Of course, treaties and international laws are one thing — and humanity's ability to find innovative ways of killing each other is another.

Biological warfare: The early days

The history of biological warfare is a long one, which makes sense; its deployment can be a lo-fi affair, so there is no need for electrical components, nuclear fusion, or rocket grade titanium, for instance.

An early example takes us back more than 2 and a half millennia: Assyrians infected their enemy's wells with a rye ergot fungus, which contains chemicals related to LSD. Consuming the tainted water produced a confused mental state, hallucinations, and, in some cases, death.

In the 1300s, Tartar (Mongol) warriors besieged the Crimean city of Kaffa. During the siege, many Tartars died at the hands of plague, and their lifeless, infected bodies were hurled over the city walls.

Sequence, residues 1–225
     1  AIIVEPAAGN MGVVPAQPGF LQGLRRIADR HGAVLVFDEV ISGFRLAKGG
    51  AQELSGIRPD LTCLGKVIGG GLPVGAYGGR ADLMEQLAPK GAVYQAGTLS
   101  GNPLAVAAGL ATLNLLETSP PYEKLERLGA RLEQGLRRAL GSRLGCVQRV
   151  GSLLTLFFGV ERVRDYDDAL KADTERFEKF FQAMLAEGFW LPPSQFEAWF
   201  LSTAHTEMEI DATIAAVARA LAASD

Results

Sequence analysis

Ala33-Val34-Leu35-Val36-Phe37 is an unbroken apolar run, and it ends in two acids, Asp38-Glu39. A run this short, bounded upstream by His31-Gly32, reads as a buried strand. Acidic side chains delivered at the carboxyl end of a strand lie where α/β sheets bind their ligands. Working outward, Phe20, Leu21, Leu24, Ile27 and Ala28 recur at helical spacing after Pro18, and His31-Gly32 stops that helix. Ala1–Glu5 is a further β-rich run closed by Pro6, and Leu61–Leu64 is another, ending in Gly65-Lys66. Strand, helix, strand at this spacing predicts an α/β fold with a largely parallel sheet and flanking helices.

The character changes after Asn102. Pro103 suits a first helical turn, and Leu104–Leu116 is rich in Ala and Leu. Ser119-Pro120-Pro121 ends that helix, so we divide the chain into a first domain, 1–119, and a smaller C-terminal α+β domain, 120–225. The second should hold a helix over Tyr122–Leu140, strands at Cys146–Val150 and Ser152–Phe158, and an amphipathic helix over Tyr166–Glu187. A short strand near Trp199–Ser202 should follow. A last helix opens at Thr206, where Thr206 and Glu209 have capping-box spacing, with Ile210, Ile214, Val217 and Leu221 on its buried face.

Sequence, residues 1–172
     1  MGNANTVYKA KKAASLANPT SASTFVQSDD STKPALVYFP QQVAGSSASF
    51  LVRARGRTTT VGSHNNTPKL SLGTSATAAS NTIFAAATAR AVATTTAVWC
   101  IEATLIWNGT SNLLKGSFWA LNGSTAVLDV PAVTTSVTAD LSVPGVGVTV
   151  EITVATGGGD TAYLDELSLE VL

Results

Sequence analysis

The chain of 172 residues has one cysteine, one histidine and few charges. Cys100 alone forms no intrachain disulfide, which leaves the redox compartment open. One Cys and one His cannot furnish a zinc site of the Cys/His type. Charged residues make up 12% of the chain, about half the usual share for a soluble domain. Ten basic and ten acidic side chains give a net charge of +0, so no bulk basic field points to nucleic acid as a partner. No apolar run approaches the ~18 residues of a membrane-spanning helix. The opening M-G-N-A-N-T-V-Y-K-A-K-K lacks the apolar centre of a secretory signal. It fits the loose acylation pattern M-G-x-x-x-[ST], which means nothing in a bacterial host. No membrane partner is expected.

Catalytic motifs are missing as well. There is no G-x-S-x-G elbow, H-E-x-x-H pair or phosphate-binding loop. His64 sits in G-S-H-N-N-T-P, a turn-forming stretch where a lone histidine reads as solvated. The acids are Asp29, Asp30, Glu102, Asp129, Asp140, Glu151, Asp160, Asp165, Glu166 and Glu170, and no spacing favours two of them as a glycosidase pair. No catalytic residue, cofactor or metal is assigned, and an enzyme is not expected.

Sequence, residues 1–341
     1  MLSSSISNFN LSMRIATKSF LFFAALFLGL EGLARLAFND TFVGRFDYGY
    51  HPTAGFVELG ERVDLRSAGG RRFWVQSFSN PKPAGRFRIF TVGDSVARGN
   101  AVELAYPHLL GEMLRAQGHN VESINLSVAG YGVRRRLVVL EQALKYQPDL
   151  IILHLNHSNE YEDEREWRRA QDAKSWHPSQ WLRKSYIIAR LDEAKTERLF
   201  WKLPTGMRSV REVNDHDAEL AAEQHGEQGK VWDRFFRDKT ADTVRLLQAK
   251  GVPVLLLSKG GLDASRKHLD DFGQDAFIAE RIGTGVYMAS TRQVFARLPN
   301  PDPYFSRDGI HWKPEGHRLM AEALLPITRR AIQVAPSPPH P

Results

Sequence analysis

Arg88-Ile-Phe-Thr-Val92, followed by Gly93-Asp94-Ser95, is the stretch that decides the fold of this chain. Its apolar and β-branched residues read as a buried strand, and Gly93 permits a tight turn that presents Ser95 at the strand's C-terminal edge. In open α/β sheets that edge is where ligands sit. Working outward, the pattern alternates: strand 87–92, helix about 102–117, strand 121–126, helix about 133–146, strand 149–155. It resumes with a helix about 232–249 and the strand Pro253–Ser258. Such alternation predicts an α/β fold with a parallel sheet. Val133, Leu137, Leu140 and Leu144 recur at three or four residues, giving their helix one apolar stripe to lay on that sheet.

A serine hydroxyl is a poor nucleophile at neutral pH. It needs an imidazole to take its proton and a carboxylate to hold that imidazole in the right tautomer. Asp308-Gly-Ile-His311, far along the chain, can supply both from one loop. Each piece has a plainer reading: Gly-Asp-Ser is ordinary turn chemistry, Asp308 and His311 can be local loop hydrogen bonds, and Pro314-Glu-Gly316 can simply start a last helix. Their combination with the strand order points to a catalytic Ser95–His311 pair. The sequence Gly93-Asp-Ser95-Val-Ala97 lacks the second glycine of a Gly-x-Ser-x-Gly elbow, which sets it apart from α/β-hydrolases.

Some researchers believe that this tactic may have been responsible for the spread of Black Death plague into Europe. If so, this early use of biological warfare caused the eventual deaths of around 25 million Europeans.

This is a prime example of biological warfare's potential scope, unpredictability, and terrifying simplicity.

Moving forward to 1763, the British Army attempted to use smallpox as a weapon against Native Americans at the Siege of Fort Pitt. In an attempt to spread the disease to the locals, the Brits presented blankets from a smallpox hospital as gifts.

Although we now know that this would be a relatively ineffective way to transmit smallpox, the intent was there.

During World War II, many of the parties involved looked into biological warfare with great interest. The Allies built facilities capable of mass producing anthrax spores, brucellosis, and botulism toxins. Thankfully, the war ended before they were used.

It was the Japanese who made the most use of biological weapons during World War II, as among other terrifyingly indiscriminate attacks, the Japanese Army Air Force dropped ceramic bombs full of fleas carrying the bubonic plague on Ningbo, China.